Director Niels Ardon Oplev gave us the original version of The Girl With The Dragon Tattoo back in 2009, so the idea of him reteaming with the original Lisbeth Salander (Noomi Rapace) along with the rest of this respectable cast for his English language debut was enough to generate no small amount of excitement. Unfortunately, Dead Man Down is mostly Dead On Arrival, with its been-there-done-that plot and messy tone.
We first meet Victor (Colin Farrell) as he is protecting crime-boss Alphonse (Terrence Howard) from an ambush, but little does Alphonse realise that Victor is merely working his way up the ranks of the syndicate with ulterior motives in mind. Victor's neighbour, the emotionally and physically damaged Beatrice (Rapace) has witnessed some of his illegal activities, and blackmails him into killing the man who got away with hitting her while drunk-driving. Then there's Victor's best friend Darcy (Dominic Cooper), who also works for Alphonse, and is on the trail of the rat inside the organisation, not realising just how close the rat actually is. There are actually even more subplots going on - some involving an Albanian hit squad, another involving local bullies - so there's not a lack of stuff going to keep your attention. It's just a shame that it's entirely second-hand, and from the opening credits you can probably tell how it's all going to end.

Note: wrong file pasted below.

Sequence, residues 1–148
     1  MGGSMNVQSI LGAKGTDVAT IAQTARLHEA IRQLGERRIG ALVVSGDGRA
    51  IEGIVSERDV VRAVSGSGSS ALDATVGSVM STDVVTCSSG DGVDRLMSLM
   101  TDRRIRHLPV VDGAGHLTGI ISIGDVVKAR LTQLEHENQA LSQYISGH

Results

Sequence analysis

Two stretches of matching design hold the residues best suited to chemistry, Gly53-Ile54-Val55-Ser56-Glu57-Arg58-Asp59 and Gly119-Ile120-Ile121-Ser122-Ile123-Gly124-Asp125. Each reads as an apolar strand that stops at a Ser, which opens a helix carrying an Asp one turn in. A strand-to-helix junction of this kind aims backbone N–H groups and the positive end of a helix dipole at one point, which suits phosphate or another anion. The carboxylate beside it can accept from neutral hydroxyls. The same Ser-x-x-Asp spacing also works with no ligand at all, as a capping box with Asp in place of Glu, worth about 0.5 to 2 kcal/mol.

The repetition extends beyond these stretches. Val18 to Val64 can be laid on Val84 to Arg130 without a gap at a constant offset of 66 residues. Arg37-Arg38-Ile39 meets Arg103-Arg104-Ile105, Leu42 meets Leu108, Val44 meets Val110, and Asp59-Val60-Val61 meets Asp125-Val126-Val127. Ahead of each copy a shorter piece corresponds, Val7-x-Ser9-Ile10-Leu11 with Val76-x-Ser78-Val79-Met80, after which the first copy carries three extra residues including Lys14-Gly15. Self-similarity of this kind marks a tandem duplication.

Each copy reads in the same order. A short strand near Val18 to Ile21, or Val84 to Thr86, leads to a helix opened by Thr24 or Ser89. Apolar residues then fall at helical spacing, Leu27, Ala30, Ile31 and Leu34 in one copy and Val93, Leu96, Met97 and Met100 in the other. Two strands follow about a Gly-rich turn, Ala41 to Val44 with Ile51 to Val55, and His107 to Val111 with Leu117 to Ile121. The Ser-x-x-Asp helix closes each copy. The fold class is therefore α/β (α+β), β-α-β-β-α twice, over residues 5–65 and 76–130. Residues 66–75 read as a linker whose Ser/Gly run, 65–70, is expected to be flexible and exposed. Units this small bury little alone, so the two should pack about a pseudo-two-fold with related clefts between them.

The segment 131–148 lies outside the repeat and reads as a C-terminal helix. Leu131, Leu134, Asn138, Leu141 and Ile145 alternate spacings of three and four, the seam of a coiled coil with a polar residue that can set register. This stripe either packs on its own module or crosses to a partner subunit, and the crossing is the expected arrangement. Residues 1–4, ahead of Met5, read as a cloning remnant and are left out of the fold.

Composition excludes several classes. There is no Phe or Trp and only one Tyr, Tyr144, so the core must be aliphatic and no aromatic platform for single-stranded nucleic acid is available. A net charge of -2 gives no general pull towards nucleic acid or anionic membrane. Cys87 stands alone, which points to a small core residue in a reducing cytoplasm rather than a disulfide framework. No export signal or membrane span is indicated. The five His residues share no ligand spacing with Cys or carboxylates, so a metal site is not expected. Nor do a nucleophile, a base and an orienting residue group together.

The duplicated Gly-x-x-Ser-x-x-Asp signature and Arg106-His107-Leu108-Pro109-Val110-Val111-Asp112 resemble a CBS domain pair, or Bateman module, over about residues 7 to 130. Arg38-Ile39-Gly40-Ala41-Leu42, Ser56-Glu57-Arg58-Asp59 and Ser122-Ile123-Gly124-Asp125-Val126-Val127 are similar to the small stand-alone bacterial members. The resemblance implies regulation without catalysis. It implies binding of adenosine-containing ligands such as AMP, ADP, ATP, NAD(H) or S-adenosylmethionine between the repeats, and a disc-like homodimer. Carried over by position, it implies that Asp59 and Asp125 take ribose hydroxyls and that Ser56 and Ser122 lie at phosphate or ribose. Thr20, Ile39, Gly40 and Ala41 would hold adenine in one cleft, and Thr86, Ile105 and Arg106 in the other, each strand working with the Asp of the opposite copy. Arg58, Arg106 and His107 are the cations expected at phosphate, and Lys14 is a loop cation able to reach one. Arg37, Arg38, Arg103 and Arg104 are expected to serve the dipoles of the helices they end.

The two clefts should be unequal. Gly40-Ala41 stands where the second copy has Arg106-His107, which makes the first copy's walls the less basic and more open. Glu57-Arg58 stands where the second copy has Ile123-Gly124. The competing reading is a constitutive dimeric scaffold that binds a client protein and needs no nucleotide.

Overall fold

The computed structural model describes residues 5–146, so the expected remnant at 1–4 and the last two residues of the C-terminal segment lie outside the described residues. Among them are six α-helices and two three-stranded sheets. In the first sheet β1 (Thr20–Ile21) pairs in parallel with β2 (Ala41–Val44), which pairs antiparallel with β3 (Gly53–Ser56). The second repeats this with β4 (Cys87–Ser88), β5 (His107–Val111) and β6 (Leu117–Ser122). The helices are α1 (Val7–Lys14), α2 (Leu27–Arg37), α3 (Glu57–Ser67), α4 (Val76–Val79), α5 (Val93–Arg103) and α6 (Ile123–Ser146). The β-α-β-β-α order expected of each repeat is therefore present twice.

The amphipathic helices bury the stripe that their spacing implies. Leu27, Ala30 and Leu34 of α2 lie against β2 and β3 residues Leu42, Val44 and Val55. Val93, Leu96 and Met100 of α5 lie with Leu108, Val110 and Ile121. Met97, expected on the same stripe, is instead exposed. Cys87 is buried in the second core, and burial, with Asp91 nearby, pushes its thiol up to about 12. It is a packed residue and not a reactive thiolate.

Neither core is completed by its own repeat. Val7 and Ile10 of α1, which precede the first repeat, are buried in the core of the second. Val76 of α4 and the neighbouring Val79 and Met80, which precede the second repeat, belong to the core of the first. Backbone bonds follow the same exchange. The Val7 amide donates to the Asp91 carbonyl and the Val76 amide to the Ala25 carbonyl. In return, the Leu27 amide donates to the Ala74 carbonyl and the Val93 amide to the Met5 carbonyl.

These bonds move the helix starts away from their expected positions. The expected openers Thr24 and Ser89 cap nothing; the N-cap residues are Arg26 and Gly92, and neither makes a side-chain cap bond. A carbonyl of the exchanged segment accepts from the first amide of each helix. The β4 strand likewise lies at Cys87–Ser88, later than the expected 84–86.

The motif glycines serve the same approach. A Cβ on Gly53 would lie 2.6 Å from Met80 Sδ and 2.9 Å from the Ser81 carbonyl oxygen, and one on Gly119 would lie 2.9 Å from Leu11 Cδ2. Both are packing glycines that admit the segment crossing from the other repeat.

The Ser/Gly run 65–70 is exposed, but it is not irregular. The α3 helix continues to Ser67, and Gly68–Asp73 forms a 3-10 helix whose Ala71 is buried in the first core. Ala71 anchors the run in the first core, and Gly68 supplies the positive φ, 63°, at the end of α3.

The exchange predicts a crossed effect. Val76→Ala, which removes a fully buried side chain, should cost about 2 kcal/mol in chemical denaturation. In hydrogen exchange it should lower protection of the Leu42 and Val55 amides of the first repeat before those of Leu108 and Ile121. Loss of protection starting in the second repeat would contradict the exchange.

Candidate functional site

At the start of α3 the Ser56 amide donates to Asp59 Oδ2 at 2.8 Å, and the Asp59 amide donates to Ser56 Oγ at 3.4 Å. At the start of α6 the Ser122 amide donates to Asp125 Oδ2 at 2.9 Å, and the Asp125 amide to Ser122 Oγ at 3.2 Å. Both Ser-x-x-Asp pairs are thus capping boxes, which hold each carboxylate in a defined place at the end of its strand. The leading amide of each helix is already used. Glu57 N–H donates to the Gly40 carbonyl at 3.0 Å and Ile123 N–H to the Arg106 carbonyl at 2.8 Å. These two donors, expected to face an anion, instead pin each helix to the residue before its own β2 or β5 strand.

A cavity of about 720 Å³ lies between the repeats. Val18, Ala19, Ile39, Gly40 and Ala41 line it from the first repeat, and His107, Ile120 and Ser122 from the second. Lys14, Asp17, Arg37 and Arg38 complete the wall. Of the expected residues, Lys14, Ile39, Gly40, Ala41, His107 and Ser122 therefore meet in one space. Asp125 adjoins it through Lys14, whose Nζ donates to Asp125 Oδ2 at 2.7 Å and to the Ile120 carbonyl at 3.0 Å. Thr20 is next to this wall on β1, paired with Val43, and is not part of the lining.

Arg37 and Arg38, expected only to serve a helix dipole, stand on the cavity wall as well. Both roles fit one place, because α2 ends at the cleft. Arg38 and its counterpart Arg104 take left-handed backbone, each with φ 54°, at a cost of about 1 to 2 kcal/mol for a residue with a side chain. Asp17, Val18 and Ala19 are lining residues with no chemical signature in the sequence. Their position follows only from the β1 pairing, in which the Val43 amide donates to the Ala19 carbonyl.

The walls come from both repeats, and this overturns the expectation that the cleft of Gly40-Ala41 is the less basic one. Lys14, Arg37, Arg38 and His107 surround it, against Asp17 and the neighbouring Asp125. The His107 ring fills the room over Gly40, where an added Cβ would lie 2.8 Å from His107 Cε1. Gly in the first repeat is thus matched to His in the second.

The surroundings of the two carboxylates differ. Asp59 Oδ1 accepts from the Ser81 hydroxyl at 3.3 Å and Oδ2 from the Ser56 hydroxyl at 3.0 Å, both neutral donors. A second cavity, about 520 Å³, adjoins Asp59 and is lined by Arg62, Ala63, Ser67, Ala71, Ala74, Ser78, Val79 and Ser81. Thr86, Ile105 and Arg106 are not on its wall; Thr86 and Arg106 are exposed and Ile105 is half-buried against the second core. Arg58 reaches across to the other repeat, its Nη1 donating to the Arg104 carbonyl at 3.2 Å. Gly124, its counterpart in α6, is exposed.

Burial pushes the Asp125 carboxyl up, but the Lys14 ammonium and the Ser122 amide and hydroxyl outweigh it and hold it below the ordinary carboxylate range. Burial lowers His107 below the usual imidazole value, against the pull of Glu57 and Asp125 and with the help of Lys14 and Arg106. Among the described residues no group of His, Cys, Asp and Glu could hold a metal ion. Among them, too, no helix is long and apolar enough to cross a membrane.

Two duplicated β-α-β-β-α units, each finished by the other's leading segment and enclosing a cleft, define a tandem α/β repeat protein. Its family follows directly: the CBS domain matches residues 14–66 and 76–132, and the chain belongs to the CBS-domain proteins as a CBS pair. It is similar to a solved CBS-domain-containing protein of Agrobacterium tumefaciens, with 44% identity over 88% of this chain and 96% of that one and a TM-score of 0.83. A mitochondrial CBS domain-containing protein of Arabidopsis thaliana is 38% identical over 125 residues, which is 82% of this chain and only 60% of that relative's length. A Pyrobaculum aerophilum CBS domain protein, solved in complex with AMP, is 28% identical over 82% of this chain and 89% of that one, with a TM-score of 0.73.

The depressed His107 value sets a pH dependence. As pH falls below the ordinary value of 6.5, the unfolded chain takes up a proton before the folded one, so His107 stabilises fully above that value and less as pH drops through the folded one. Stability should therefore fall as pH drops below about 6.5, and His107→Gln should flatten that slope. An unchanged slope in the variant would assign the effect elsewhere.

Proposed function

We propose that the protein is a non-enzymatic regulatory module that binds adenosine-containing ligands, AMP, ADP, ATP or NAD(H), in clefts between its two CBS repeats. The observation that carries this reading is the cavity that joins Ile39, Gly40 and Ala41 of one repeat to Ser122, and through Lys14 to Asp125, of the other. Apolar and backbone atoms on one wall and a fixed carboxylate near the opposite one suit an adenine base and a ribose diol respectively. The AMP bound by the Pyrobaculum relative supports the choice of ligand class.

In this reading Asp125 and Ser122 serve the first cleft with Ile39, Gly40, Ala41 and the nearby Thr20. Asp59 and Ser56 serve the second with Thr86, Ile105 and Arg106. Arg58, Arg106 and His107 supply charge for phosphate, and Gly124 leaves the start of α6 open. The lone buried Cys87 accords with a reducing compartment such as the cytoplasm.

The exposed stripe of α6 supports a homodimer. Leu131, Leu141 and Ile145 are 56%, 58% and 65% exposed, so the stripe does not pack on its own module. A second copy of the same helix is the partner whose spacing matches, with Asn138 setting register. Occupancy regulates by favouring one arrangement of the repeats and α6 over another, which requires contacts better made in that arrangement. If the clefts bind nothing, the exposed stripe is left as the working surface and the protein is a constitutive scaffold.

Farrell's character is Hungarian, and for the first ten minutes he actually says nothing, but when he does talk, his Irish/American accent is poorly explained away. Then we get Farrell trying out his Hungarian accent in some flashback sequences, and it is shockingly awful. Rapace does better with a less likeable character, while Cooper and Isabelle Huppert (as Rapace's mother) are fine but forgettable. The only one who gets it right is Howard, who, unlike the director, brings the right amount of sleazy menace to the table.
Oplev takes the whole thing too seriously, treating the film almost like a drama when what it needed was to be something more akin to Taken. Finally, when the film's bullet-and-explosion heavy climax does take place, we get a sense of what the film should have bene like all along. But by then, sadly, it's too little too late.